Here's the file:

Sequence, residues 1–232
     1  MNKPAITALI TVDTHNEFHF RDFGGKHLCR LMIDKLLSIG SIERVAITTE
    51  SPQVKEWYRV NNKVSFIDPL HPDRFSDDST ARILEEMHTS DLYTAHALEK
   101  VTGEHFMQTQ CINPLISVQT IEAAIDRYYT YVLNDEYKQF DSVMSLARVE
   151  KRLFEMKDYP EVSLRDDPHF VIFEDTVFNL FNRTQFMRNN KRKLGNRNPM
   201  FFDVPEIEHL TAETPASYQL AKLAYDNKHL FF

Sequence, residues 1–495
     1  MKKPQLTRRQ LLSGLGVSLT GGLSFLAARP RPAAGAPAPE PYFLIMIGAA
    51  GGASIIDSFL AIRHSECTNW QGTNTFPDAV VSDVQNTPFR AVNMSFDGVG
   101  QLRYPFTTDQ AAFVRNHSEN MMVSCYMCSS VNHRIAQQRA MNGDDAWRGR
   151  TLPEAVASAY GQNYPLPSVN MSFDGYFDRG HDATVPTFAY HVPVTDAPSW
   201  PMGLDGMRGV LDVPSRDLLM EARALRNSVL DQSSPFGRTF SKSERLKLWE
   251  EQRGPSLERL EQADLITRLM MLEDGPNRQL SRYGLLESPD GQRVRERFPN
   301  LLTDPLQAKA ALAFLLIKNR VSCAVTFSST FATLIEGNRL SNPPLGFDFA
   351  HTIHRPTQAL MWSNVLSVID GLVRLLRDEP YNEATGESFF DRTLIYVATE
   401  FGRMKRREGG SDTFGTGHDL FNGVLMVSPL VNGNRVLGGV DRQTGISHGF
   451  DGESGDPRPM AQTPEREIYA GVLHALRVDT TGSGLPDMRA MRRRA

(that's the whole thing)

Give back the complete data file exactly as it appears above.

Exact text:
Sequence, residues 1–232
     1  MNKPAITALI TVDTHNEFHF RDFGGKHLCR LMIDKLLSIG SIERVAITTE
    51  SPQVKEWYRV NNKVSFIDPL HPDRFSDDST ARILEEMHTS DLYTAHALEK
   101  VTGEHFMQTQ CINPLISVQT IEAAIDRYYT YVLNDEYKQF DSVMSLARVE
   151  KRLFEMKDYP EVSLRDDPHF VIFEDTVFNL FNRTQFMRNN KRKLGNRNPM
   201  FFDVPEIEHL TAETPASYQL AKLAYDNKHL FF

Sequence, residues 1–495
     1  MKKPQLTRRQ LLSGLGVSLT GGLSFLAARP RPAAGAPAPE PYFLIMIGAA
    51  GGASIIDSFL AIRHSECTNW QGTNTFPDAV VSDVQNTPFR AVNMSFDGVG
   101  QLRYPFTTDQ AAFVRNHSEN MMVSCYMCSS VNHRIAQQRA MNGDDAWRGR
   151  TLPEAVASAY GQNYPLPSVN MSFDGYFDRG HDATVPTFAY HVPVTDAPSW
   201  PMGLDGMRGV LDVPSRDLLM EARALRNSVL DQSSPFGRTF SKSERLKLWE
   251  EQRGPSLERL EQADLITRLM MLEDGPNRQL SRYGLLESPD GQRVRERFPN
   301  LLTDPLQAKA ALAFLLIKNR VSCAVTFSST FATLIEGNRL SNPPLGFDFA
   351  HTIHRPTQAL MWSNVLSVID GLVRLLRDEP YNEATGESFF DRTLIYVATE
   401  FGRMKRREGG SDTFGTGHDL FNGVLMVSPL VNGNRVLGGV DRQTGISHGF
   451  DGESGDPRPM AQTPEREIYA GVLHALRVDT TGSGLPDMRA MRRRA